There is “clear evidence of collusion” between Huawei and the “Chinese Communist Party apparatus”, a parliamentary inquiry has concluded.
And the MPs say the government may need to bring forward a deadline set for the Chinese firm’s 5G kit to be removed from the UK’s mobile networks.
Huawei has responded by saying “this report lacks credibility as it is built on opinion rather than fact”.
But the latest accusation poses a further challenge to its business.
Although the company’s options in the UK are now limited, it is still trying to sell its 5G telecoms infrastructure to other parts of Europe and beyond, having invested heavily in the technology.
“We’re sure people will see through these accusations of collusion and remember instead what Huawei has delivered for Britain over the past 20 years,” a spokesman for the company said.
‘Communist Party links’
The House of Commons defence committee based its findings on the testimony of academics, cyber-security experts and telecom industry insiders, among others. These included some long-term critics of the company.
Hauwei’s executives did not testify, although they did appear before a separate parliament committee in July.
The report cites a venture capitalist who claimed the Chinese government “had financed the growth of Huawei with some $75bn [£57bn] over the past three years”, which he said had allowed it to sell its hardware at a “ridiculously low price point”.
And it highlights a claim made by a researcher who specialises in corporate irregularities within China, who alleged that Huawei had “engaged in a variety of intelligence, security, and intellectual property activities” despite its repeated denials.
“It is clear that Huawei is strongly linked to the Chinese state and the Chinese Communist Party, despite its statements to the contrary,” the committee concludes.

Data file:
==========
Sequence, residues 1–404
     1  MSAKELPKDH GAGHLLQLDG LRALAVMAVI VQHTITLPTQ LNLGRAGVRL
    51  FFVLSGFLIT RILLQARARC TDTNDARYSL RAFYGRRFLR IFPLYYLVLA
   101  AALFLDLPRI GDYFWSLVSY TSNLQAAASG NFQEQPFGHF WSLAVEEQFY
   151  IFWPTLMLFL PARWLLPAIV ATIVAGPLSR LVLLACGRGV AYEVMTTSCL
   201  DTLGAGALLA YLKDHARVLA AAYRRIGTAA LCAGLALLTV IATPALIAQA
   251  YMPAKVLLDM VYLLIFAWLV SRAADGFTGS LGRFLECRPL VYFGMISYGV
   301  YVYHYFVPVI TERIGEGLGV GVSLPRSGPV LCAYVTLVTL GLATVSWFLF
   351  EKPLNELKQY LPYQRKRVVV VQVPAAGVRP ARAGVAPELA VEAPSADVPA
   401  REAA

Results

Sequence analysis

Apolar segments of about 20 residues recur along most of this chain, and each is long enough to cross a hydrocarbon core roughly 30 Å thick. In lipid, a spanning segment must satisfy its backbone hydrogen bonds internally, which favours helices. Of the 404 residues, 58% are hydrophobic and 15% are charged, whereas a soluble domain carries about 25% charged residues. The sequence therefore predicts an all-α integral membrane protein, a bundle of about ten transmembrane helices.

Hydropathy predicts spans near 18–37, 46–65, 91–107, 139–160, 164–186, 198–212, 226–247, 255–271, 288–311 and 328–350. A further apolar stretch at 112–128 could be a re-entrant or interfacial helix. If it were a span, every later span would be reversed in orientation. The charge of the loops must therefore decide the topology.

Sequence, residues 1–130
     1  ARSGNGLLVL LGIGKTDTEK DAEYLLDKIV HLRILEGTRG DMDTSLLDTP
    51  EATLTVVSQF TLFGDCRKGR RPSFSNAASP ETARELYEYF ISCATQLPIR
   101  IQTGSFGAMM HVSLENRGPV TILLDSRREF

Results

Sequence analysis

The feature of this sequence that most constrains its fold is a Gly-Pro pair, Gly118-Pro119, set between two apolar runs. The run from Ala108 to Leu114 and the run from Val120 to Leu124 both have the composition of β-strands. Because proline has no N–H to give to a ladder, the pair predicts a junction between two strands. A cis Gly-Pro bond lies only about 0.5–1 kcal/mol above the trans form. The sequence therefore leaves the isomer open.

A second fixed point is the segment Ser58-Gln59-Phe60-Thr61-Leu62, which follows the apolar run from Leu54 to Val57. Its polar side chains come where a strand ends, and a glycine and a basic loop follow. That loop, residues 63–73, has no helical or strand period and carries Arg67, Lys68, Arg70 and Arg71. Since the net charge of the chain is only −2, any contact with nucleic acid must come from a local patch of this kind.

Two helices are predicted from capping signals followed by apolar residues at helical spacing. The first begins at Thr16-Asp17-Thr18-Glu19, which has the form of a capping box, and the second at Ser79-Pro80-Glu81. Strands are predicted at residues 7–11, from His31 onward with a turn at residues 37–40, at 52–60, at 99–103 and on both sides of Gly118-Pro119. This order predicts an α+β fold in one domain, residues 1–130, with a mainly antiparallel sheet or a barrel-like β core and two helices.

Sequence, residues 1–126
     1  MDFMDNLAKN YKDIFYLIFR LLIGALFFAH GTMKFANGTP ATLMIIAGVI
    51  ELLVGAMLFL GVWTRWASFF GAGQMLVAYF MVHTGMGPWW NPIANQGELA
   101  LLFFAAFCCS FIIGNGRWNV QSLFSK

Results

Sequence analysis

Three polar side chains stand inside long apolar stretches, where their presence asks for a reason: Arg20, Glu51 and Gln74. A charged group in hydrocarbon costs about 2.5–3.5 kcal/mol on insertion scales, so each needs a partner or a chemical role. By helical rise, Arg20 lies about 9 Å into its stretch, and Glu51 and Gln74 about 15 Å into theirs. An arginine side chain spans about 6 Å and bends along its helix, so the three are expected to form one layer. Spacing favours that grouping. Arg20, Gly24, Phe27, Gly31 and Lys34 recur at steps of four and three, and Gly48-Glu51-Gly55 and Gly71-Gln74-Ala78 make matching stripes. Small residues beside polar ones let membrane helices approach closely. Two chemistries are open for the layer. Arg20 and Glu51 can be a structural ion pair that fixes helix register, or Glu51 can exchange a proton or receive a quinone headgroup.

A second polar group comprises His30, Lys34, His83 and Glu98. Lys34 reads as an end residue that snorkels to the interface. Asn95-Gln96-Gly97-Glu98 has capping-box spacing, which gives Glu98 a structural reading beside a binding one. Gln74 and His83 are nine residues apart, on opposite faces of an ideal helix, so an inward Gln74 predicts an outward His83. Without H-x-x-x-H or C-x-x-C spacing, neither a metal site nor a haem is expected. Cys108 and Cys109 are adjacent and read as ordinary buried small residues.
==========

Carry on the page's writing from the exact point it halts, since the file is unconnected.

“This is evidenced by its ownership model and the subsidies it has received.”
The report warns that the West should not “succumb to ill-informed anti-China hysteria”, but suggests some policy changes may be necessary.
At present, the government has said mobile networks must not buy new Huawei 5G equipment after the end of this year, and then must remove any they have installed by 2027.
But the committee says ministers should consider bringing the latter deadline forward to 2025 if relations with China deteriorate or pressure from the US and other allies makes it necessary.
The MPs acknowledge being told by BT and Vodafone that such a move could cause signal blackouts in parts of the country. But they say operators could be compensated to minimise delays.
They also say Beijing had exerted pressure through “covert and overt threats” to keep Huawei in the UK’s 5G network.
These are said to have included a suggestion it might block Chinese investment in the UK’s nuclear industry.
The committee says that if further threats follow, the government should “carefully consider China’s future presence in critical sectors of the economy”.
And it recommends the forthcoming National Security and Investment Bill gives ministers the power to ban investments they deem risky.
More work is needed to work with allies to ensure there are other suppliers of telecoms equipment, the report adds.
And it calls on the government to avoid any further delay in introducing a telecoms bill to end what it describes as the current situation of “commercial concerns trumping national security”.
The MPs reject claims that Huawei’s continued presence in the UK affects the country’s ability to share sensitive information with partners.
Last year, one US congressman suggested the US and UK might have to resort to using paper instead of electronic-based communications.
But the committee says it is “content” that Huawei is sufficiently distanced from sensitive defence and national security sites, and in any case it would not be able to decipher encrypted data sent via its equipment.
It does, however, urge GCHQ to continue its work with the firm at the Huawei Cyber Security Evaluation Centre (HCSEC), where the firm’s equipment is checked for flaws.
Huawei funds the work done there by government experts and has indicated it is willing to continue doing so for the foreseeable future.
The MPs say the government should now consider assessing equipment from “other vendors in a similar fashion”.
They also back proposals to form a D10 group of democracies to provide alternatives to Chinese technology.
Little detail has been provided about what this might actually look like, and the committee calls on the government to consult allies to set out exactly what it would entail